Commonly prescribed medications linked to depression

Researchers at the University of Illinois released a study suggesting over one-third of Americans use prescription medications linked to depression or increased risk of suicide. Many of the prescribed medications aren’t used in the treatment of depression or other mental illnesses, leaving both doctors and patients in the dark about potential side effects. With suicide rates on the rise the study sheds light on potential factors involved in these deaths. The team found medicines prescribed for high blood pressure, acid reflux and even birth control to be affecting the mental health of patients.

Suicide rates have nearly climbed 30% since 1999, all while the number of Americans taking prescription medication is at an all time high. The team found many of these drugs to not have warning labels associated with these side effects, and many participants were found to be taking multiple medications in conjunction. More than 26,000 adults were analyzed in the study that spanned 9 years, while completing the Patient Health Questionnaire (PHQ-9). Though the findings of the study didn’t find these drugs to be a direct cause of depression, concerns remain valid. Hopefully these findings along with rising concern of depression, a leading cause of disability in the United States, mental health and suicide will prompt patients to be more vocal with their doctors about possible risks.

Effective stroke treatments continue to be explored

The CDC lists stroke as the fifth leading cause of death in Kentucky, as well as the United States. Stroke is not only a leading cause of death but those who survive can suffer from a wide range of disabilities for the rest of their lives. The human brain is limited in its ability to regrow damaged tissue, after a stroke the brain undergoes an inflammatory response. Additionally, a limited ability to develop new blood cells and a hindrance to neurological growth results in an area void of functional brain tissue.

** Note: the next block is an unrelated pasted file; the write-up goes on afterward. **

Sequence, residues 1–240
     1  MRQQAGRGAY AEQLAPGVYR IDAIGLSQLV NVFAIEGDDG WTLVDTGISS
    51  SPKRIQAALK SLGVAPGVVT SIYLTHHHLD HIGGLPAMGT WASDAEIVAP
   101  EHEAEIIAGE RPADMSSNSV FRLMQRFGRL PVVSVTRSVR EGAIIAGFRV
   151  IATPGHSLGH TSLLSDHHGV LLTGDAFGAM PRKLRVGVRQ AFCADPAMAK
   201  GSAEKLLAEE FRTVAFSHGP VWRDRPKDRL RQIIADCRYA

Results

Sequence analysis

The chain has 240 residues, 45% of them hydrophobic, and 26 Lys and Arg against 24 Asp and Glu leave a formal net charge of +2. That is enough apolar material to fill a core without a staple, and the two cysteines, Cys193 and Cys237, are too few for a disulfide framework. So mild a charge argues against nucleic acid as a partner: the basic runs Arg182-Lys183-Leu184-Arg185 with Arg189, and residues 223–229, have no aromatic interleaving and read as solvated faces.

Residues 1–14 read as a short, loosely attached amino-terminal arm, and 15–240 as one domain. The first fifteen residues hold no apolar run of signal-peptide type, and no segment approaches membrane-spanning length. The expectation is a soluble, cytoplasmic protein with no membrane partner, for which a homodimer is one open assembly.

Stroke rehabilitation is geared towards relearning skills lost by brain damage in an attempt to improve quality of life, and a regaining of independence. Rehabilitation focus differs from person to person as well as the affected areas, or abilities, of the body. Physical training to improve strength and coordination is common, as well as improving affected limbs and increasing range of motion. Cognitive therapy focusing on speech and memory retention are also common after a stroke. Some experimental therapies like stem cells and magnetic stimulation are being investigated, but nothing conclusive has been found to help outside of a clinical trial setting.

New experimental treatments are always being pursued, like a recent experiment at UCLA involving stroke affected mice. The team of UCLA scientists developed a gel infused with growth stimulating, and inflammation suppressing molecules that was injected directly into the stroke affected areas. More than three months later neural networks had formed and brain tissue had regenerated, resulting in improved motor function. The study on mice was intended for the period of time immediately following a stroke, but the team plans to test this on mice with long term damage. More research and experimentation needs to be performed, but this should come as exciting news for the more than 6 million Americans suffering from the long term effects of stroke.